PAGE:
Town Hall reporter KEN LEE on how Croydon’s replacement as the head of its failed Children’s Services department is someone who last year presided over another very troubling inspectors’ report
Jo Negrini, Croydon’s chief executive, has announced today that the person expected to turn round the council’s failed and failing Children’s Services department is Eleni Ioannides, a woman who in a similar role in Middlesbrough 12 months ago saw Ofsted inspectors fail that local authority’s provision for children with special educational needs.
Indeed, Ioannides’s CV shows that she also had a spell in charge of Birmingham City Council’s Children’s Services department, appointed there in 2014, after it had been declared “inadequate” by Ofsted inspectors for six years.
In an internal email to council staff sent out at lunchtime today, Negrini failed to mention Middlesbrough, or Birmingham. She only mentioned that Ioannides had worked previously at Bury, a position she left eight years ago in order to take “early retirement”. Negrini did not mention that, either.
Ioannides has been recruited by Croydon as a consequence of the abrupt departure of Barbara Peacock, announced two weeks ago.
Peacock was appointed in 2016 to be the executive director of housing, education and social care. But gthis month it was announced that Peacock would stand down as part of a “reorganisation”. The departure of Peacock, of course, has nothing to do with Ofsted last summer finding Croydon’s Children’s Services to be “inadequate”, the poor standard of care even judged to be endangering some children. Most recently, the Department for Education has placed Croydon in special measures, and handed oversight of the department to Camden social workers for at least the next two years.
Peacock had arrived at the job in Croydon after presiding over a failed Ofsted inspection report at Medway.
That Ioannides was so recently overseeing similar failures at another local authority does not appear to have been a worry for Negrini.
Perhaps it is Ioannides’s track record in issuing bland statements of concern over council failures which make her so ably qualified to work in Croydon. According to the BBC, when Ofsted failed Middlesbrough’s SEND service last June, Ioannides said the council would use the report as a “moment of opportunity” to work out how to “do this better”. Seriously.
“We’re obviously disappointed that the feedback was negative in part and that we’re not meeting the needs of children and families in Middlesbrough as well as we could do,” Ioannides said then, perhaps rehearsing for when in the role in Croydon.
Consistent with the growing impression of incompetence surrounding the £200,000 chief executive, Negrini’s written announcement of the appointment today managed to misspell Ioannides’s name in its very first sentence.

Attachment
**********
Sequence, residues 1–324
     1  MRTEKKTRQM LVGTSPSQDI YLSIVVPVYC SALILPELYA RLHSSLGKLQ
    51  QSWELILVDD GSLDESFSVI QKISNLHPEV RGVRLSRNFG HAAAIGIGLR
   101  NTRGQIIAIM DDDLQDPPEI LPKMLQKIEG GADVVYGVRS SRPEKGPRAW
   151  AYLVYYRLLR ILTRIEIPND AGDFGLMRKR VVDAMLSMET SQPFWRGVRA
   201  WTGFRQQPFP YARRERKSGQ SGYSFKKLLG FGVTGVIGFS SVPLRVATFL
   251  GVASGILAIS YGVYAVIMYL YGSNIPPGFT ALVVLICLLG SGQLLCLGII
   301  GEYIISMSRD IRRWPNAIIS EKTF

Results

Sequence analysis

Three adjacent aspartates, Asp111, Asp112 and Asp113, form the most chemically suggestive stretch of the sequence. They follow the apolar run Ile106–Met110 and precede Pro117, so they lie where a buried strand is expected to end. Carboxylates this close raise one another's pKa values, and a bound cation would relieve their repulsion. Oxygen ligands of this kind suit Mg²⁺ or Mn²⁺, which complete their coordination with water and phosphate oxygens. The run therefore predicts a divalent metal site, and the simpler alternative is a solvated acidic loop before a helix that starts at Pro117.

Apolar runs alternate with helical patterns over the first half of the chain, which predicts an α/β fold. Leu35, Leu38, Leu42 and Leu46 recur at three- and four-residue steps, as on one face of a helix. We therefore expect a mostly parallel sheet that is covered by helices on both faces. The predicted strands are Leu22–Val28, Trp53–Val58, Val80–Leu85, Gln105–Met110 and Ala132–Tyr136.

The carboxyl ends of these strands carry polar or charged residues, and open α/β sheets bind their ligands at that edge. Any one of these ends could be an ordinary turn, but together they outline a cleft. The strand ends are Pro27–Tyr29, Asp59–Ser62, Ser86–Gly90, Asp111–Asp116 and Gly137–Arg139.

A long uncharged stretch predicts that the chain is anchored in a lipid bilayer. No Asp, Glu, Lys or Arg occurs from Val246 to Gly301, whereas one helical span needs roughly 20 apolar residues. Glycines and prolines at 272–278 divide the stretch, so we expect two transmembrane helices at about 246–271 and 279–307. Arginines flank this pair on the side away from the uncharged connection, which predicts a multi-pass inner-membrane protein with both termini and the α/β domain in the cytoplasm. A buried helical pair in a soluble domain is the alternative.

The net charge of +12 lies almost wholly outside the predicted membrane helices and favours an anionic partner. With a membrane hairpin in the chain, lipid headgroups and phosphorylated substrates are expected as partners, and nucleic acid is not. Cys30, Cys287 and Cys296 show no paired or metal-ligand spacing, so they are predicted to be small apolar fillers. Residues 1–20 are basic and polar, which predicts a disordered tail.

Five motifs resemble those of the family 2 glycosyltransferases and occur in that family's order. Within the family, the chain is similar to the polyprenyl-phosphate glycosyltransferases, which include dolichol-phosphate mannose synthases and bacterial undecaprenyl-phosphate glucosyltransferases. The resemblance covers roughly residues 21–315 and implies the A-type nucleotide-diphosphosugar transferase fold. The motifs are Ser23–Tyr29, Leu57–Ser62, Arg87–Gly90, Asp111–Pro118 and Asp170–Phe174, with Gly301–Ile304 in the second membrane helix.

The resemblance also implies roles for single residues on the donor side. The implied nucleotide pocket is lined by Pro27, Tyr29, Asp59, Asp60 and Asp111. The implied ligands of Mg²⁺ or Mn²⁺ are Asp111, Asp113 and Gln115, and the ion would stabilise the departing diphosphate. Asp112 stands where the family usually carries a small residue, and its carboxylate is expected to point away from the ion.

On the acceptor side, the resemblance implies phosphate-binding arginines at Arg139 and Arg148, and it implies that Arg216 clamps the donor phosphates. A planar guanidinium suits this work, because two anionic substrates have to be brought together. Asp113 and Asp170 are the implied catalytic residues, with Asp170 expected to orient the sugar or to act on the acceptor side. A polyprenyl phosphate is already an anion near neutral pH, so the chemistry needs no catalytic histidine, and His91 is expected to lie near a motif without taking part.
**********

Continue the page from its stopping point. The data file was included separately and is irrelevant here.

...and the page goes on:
“I am pleased to announce the appointment of Eleni Loannides [sic] into the role of interim director of children’s services,” Negrini’s email to staff began.
“Eleni will join Croydon on 23 May, enabling her to have a handover with Barbara Peacock, prior to her departure at the end of the month. Her appointment follows my earlier announcement about reshaping the organisation in order to take a more proactive and preventative approach to how we work – this includes creating a director of children’s services post reporting directly to me.
“Eleni brings with her a wealth of director level experience, with a strong focus on children and families. She previously worked as director of social services, health and housing for Bury Metropolitan Borough Council and has several years of experience in interim roles at various local authorities.”
Negrini’s email then “went on a journey”, as these things have a habit of doing. This time, though, and unlike the council’s rose-tinted announcement of the latest developments last week, the chief exec did make a grudging acknowledgement “that we still have a long way to go”.
Putting more spin on the situation than her Aussie countryman Shane Warne ever managed, Negrini wrote that Ioannides “… joins us as we continue our children’s services improvement journey – last week I was happy to report encouraging feedback from Ofsted following their latest visit in March, which in particular, recognised consistently impressive work of our front-line social workers.
“However, inspectors were clear, as we all are, that we still have a long way to go in our improvement journey. Eleni will focus on building upon the solid foundations of the past six months and continuing the essential service improvement work while she is with us.
“She is committed to the engagement of and hearing from front line staff, so I’m sure many of you will be hearing from her directly in the next few weeks. For now, I hope you all will join me in welcoming her when she arrives next week.”
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